spectrum. In addition, if you are viewing data for a subset, the table
will show the differences between the currently selected subset and the
other related subsets to make comparison easy (the differences for the
‘Used by x% of users’ filter are simply one subset minus the other, the
differences for the ‘Clicks per user’ filter are in percentage change).
We’ll discuss results more thoroughly in future blog posts, here are a
few findings that immediately jumped out to us. As always, these
findings apply to our sample of Test Pilot users only, and we realize
this sample is not likely representative of the population of Firefox
users as a whole. Furthermore, its important to remember that usage data
like this is only one part of a rigorous design process, and that it
alone will not dictate any design decisions.
- The Back button is used far more often than any other navigation
element (by which we mean the Back, Forward, Reload, Stop, and Home
buttons). 93.1% of study participants used the Back button at least
once, and on average, each user clicked Back 66.2 times over the 5 days
– that’s 3x more clicks than the Reload button, 10x more than the Home
button, and over 30x more than the Forward and Stop buttons!
- Of all items that are not in the Firefox main window by default, the
New Tab Button (Navigation Toolbar) is the most commonly used, both by %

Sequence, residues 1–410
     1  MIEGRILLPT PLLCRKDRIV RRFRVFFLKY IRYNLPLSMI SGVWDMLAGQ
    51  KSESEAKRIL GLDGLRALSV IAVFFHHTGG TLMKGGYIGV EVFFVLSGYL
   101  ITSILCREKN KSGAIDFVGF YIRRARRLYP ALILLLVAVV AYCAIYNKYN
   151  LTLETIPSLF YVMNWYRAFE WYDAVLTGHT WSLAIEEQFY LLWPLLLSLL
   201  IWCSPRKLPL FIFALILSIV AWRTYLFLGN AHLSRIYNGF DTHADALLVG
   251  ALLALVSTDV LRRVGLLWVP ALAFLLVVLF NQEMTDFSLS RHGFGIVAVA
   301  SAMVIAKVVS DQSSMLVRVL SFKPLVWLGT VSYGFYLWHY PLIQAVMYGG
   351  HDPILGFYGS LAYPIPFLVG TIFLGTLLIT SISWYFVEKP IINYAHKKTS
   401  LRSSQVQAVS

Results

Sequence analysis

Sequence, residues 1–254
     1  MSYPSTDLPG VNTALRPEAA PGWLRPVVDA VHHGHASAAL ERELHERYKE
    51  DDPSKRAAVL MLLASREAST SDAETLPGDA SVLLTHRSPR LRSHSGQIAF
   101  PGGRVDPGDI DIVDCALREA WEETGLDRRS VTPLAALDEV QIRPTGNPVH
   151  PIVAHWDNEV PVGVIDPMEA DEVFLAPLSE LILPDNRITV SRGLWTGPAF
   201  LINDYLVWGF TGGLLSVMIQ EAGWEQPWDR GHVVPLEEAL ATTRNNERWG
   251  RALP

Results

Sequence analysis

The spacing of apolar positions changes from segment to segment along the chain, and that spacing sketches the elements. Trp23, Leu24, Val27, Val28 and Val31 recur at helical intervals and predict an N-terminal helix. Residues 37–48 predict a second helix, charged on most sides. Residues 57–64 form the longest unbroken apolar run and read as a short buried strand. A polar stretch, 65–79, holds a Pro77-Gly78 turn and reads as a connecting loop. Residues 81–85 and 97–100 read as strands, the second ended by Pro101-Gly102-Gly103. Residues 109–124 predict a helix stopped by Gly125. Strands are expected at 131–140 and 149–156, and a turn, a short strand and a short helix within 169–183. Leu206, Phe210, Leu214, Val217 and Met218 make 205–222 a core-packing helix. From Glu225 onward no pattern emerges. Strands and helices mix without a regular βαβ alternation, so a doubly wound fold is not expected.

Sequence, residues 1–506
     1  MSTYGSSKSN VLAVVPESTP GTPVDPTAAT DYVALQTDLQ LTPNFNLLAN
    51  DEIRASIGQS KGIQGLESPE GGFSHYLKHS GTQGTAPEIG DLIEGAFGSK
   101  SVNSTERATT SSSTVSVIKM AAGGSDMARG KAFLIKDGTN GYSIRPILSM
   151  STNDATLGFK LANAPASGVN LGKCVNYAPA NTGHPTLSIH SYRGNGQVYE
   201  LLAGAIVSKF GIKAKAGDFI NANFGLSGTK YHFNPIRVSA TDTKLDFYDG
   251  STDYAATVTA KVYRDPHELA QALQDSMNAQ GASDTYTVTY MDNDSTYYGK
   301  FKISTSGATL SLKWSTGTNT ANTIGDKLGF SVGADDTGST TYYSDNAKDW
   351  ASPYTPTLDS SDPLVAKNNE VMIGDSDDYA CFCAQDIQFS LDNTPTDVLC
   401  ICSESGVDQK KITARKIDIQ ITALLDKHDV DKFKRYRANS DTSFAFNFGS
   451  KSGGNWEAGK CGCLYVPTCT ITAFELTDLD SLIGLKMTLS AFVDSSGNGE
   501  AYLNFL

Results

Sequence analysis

of users and frequency count. Looking at click counts, the New Tab
Button (Navigation Toolbar) is a more popular way to generate new tabs
than the New Tab Button (Tab Bar) that is located in the tab strip by
default. The New Tab Button (Navigation Toolbar) is also more often used
than the default UI elements Bookmark Star and RSS Icon by click count.
- Another conspicuous result is the disparate use of the scroll arrows
in comparison to the scroll slider. This holds true for both the
vertical scroll bar and the horizontal scroll bar; while 89% of people
used the vertical scroll slider, only 21.2% and 16.6% of people used the
up and down arrows. And although 42.8% of users used the horizontal
scroll slider, only 2.1% and 0.9% clicked the left and right arrows to
Besides putting the data in a spatial context, another benefit of this
visualization is that it is easy to reuse, update, and improve. We plan
to add more data, more breakdowns, and the ability to synthesize
multiple subsets in the near future. We also want to improve the
robustness of our findings by filtering out certain extensions (e.g.
some users have the Google Toolbar and might be searching through that
channel instead of the integrated search box), and by increasing our
In addition, the heatmap will be updated over the course of the Firefox
4 beta program. Hopefully, this visualization will help us understand
how the various UI changes affect user behavior, and ensure that these
design decisions are in fact improving the product for our (beloved)
end-users. Look for these updates soon!
Thanks again to Alex Faaborg, and to all Test Pilot users for opting-in
to provide us with the data. If you’d like to help us understand how
people use Firefox and build a better browser, head over to the Test Pilot website
to learn more and download the add-on. And as always, please feel
free to download the raw data and supplement our analysis with your own!”